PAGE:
I need to pass on a 'must read' article by Jeffrey Rosen that has been on my list of potential mindblog posts. He describes the impossibility of ever removing the traces of ourselves that we have left on the Web, and the social consequences of this fact. Here are just a few clips from his very thorough article:
...The end of the Western frontier led to worries that Americans could no longer seek a fresh start and leave their past behind, a kind of reinvention associated with the phrase “G.T.T.,” or “Gone to Texas.” But the dawning of the Internet age promised to resurrect the ideal of … the “protean self.” If you couldn’t flee to Texas, you could always seek out a new chat room and create a new screen name… What seemed within our grasp was a power that only Proteus possessed: namely, perfect control over our shifting identities…But the hope that we could carefully control how others view us in different contexts has proved to be another myth. As social-networking sites expanded, it was no longer quite so easy to have segmented identities: now that so many people use a single platform to post constant status updates and photos about their private and public activities, the idea of a home self, a work self, a family self and a high-school-friends self has become increasingly untenable….far from giving us a new sense of control over the face we present to the world, the Internet is shackling us to everything that we have ever said, or that anyone has said about us, making the possibility of digital self-reinvention seem like an ideal from a distant era.
ReputationDefender, which has customers in more than 100 countries, is the most successful of the handful of reputation-related start-ups that have been growing rapidly after the privacy concerns raised by Facebook and Google... For a fee, the company will monitor your online reputation, contacting Web sites individually and asking them to take down offending items. In addition, with the help of the kind of search-optimization technology that businesses use to raise their Google profiles, ReputationDefender can bombard the Web with positive or neutral information about its customers, either creating new Web pages or by multiplying links to existing ones to ensure they show up at the top of any Google search. ..By automatically raising the Google ranks of the positive links, ReputationDefender pushes the negative links to the back pages of a Google search, where they’re harder to find.
In the nearer future, Internet searches for images are likely to be combined with social-network aggregator search engines, like today’s Spokeo and Pipl, which combine data from online sources — including political contributions, blog posts, YouTube videos, Web comments, real estate listings and photo albums. Increasingly these aggregator sites will rank people’s public and private reputations, like the new Web site Unvarnished, a reputation marketplace where people can write anonymous reviews about anyone. In the Web 3.0 world, Fertik predicts, people will be rated, assessed and scored based not on their creditworthiness but on their trustworthiness as good parents, good dates, good employees, good baby sitters or good insurance risks.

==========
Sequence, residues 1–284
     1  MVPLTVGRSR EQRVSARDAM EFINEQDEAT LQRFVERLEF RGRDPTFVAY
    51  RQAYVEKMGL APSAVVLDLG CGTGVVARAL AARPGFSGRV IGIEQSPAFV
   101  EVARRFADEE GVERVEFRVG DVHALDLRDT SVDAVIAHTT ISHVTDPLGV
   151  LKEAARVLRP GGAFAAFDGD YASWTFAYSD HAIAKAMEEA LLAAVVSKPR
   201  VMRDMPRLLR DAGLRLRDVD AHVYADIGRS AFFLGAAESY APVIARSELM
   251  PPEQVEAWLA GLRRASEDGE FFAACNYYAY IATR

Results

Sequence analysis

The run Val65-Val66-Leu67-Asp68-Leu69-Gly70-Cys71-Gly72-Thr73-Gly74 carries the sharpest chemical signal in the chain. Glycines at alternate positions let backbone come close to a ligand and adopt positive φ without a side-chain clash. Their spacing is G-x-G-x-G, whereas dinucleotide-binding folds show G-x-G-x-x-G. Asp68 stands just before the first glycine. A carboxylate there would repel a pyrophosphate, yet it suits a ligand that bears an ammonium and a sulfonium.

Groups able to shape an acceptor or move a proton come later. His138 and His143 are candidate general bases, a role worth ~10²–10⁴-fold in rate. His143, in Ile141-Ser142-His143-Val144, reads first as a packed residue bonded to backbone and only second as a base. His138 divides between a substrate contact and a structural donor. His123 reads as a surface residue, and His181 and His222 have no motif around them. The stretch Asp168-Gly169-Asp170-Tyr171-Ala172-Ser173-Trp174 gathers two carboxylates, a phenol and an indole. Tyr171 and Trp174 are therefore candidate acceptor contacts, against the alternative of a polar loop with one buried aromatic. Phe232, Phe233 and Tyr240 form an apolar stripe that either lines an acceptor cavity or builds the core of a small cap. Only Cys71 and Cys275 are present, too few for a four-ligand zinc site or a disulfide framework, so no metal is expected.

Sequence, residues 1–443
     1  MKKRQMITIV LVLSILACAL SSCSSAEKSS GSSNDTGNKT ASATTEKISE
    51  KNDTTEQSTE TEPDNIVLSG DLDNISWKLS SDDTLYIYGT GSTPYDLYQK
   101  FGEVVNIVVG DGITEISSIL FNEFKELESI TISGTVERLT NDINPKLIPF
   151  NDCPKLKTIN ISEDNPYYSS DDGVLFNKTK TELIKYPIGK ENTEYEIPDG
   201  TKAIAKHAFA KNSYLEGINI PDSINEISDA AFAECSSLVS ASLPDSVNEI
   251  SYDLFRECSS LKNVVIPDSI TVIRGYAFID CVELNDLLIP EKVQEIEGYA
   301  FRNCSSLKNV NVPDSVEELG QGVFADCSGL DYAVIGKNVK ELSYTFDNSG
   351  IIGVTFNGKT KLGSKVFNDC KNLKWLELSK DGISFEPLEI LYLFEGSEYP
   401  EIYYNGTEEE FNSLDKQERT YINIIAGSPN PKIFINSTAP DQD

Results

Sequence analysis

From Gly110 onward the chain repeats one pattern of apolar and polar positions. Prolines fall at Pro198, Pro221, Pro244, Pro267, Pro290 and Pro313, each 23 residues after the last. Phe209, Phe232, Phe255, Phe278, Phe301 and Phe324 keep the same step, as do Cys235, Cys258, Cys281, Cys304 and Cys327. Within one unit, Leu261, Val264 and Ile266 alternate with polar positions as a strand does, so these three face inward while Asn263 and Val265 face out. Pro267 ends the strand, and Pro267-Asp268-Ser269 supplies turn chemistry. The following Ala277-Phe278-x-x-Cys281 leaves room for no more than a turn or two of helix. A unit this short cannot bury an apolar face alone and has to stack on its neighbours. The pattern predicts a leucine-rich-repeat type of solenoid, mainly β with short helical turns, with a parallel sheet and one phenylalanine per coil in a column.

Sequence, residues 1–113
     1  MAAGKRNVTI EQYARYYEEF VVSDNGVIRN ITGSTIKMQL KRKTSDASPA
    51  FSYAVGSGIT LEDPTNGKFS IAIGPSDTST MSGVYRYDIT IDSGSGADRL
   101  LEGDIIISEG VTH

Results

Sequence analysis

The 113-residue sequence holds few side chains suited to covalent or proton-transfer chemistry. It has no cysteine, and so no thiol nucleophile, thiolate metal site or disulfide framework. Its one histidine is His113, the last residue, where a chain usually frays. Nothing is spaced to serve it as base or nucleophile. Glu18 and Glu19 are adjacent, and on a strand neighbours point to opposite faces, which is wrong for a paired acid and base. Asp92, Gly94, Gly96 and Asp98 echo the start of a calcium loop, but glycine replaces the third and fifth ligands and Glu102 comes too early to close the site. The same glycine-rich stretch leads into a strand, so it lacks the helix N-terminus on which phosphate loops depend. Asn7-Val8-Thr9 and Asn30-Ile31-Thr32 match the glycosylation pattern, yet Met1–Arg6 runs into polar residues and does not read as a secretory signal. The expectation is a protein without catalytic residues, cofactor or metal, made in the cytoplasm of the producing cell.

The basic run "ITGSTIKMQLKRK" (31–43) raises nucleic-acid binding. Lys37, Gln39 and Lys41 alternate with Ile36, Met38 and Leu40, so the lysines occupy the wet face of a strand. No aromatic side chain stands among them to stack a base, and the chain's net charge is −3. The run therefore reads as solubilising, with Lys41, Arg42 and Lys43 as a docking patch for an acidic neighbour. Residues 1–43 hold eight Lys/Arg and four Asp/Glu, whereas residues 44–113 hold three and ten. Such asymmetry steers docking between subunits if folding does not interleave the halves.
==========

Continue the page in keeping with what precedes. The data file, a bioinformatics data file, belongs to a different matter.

Anticipating these challenges, some legal scholars have begun imagining new laws that could allow people to correct, or escape from, the reputation scores that may govern our personal and professional interactions in the future. Jonathan Zittrain, who teaches cyberlaw at Harvard Law School, supports an idea he calls “reputation bankruptcy,” which would give people a chance to wipe their reputation slates clean and start over. To illustrate the problem, Zittrain showed me an iPhone app called Date Check, by Intelius, that offers a “sleaze detector” to let you investigate people you’re thinking about dating — it reports their criminal histories, address histories and summaries of their social-networking profiles. Services like Date Check, Zittrain said, could soon become even more sophisticated, rating a person’s social desirability based on minute social measurements — like how often he or she was approached or avoided by others at parties (a ranking that would be easy to calibrate under existing technology using cellphones and Bluetooth). Zittrain also speculated that, over time, more and more reputation queries will be processed by a handful of de facto reputation brokers — like the existing consumer-reporting agencies Experian and Equifax, for example — which will provide ratings for people based on their sociability, trustworthiness and employability.
Jorge Luis Borges, in his short story “Funes, the Memorious,” describes a young man who, as a result of a riding accident, has lost his ability to forget. Funes has a tremendous memory, but he is so lost in the details of everything he knows that he is unable to convert the information into knowledge and unable, as a result, to grow in wisdom. Viktor Mayer-Schönberger, in “Delete,” uses the Borges story as an emblem for the personal and social costs of being so shackled by our digital past that we are unable to evolve and learn from our mistakes. After reviewing the various possible legal solutions to this problem, Mayer-Schönberger says he is more convinced by a technological fix: namely, mimicking human forgetting with built-in expiration dates for data. He imagines a world in which digital-storage devices could be programmed to delete photos or blog posts or other data that have reached their expiration dates, and he suggests that users could be prompted to select an expiration date before saving any data.